“Lately, not only us, but other contractors have been challenged in regards to the nighttime job site activities,” he continues. “To find a viable resolution, all affected contractors meet on a weekly basis and collectively have hired a consultant to develop, implement and maintain a comprehensive communications plan to mitigate potential complaints and ensure successful community outreach efforts.”
Business and Pleasure
181 Fremont will combine business with pleasure upon its completion during the second quarter of 2016. It will include a combined approximate total of 10,194 square feet of lobby space and 2,310 square feet of retail space on both floors 1 and 5, office space from floors 3 through 36, a residential amenity on floor 37, and the Park 181’s high-end residences on floors 39 through 55.
Approximately 421,000 leasable square feet of the $500 million project will be commercial and approximately 123,000 saleable square feet residential. Five underground levels measuring 64,528 gross square feet includes, but is not limited to, parking for nearly 200 valet spaces that will use auto-lift elevators to eliminate space-wasting ramps.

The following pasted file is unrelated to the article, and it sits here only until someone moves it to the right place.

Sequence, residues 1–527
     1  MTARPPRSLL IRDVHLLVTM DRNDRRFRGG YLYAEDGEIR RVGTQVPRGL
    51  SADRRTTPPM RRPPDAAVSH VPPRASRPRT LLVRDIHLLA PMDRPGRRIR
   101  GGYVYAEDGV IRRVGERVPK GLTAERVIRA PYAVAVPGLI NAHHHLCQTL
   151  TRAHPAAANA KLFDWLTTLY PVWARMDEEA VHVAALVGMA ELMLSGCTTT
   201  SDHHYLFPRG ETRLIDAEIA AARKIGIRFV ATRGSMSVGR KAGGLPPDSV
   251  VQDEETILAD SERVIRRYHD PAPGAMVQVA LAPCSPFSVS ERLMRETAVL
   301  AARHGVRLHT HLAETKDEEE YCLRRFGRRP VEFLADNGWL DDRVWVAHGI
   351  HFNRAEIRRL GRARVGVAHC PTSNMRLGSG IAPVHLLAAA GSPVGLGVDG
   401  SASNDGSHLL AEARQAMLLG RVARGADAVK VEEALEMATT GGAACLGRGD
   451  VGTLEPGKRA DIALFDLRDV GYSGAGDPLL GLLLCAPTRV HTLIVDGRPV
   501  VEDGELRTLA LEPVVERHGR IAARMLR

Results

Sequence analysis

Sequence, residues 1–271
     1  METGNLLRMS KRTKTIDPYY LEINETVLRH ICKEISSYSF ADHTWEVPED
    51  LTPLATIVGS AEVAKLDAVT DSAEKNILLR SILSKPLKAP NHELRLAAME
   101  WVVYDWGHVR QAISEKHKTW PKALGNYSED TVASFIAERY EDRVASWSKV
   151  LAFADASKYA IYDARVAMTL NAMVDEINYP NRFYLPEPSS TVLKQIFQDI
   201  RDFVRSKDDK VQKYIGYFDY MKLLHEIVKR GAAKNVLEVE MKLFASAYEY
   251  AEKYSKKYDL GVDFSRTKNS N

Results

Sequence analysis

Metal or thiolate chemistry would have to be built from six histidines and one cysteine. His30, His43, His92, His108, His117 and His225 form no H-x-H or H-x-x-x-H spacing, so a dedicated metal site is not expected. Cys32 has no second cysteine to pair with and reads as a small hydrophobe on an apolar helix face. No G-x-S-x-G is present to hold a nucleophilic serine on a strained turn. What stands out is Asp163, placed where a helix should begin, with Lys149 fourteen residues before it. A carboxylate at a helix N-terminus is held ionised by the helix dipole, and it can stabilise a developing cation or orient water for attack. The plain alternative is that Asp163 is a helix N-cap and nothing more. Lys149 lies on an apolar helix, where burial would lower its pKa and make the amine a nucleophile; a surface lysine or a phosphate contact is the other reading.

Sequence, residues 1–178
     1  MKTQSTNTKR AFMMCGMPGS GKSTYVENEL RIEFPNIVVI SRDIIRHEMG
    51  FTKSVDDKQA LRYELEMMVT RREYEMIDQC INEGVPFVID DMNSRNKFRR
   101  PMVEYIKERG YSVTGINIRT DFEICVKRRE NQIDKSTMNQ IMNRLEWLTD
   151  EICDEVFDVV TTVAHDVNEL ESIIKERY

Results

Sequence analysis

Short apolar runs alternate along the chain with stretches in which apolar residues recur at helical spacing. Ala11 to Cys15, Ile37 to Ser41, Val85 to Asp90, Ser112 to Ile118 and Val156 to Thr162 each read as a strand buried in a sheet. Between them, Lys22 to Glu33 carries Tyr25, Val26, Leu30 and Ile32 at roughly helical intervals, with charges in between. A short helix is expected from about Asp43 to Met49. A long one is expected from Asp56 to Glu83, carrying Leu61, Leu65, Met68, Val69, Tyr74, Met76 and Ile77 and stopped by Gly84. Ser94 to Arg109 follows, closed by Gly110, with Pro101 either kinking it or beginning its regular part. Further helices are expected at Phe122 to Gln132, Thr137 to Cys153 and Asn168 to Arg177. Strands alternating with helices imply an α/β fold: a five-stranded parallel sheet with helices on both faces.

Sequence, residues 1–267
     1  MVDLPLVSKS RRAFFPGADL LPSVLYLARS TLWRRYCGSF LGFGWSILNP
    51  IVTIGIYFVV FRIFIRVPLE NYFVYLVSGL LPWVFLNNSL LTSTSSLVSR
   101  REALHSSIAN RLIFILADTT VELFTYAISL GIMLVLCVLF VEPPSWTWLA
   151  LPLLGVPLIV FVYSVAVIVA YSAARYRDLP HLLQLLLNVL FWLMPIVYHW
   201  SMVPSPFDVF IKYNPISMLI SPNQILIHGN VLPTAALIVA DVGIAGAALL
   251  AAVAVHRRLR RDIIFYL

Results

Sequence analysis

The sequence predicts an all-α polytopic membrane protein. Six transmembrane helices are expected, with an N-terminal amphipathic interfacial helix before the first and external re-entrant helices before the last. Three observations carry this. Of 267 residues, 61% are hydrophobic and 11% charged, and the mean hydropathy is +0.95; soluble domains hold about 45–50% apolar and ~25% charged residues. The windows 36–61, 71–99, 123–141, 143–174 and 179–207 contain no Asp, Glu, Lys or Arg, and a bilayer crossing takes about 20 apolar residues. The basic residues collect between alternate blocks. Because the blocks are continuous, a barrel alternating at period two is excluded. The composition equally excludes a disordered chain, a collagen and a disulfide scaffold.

Heller Manus Architects designed 181 Fremont with its unique, load-bearing steel exoskeletal superstructure that will increase available floor space with its perimeter mega-columns and mega-truss. A distinctive 50-foot spire will ascend from the crown of the building. 181 Fremont will connect directly on the fifth floor to a 5.4-acre rooftop park atop the adjacent future Transbay Transit Center, which will provide convenient access to the new transportation hub connecting MUNI, CalTrain, AC Transit, SamTrans and other Bay Area transit lines.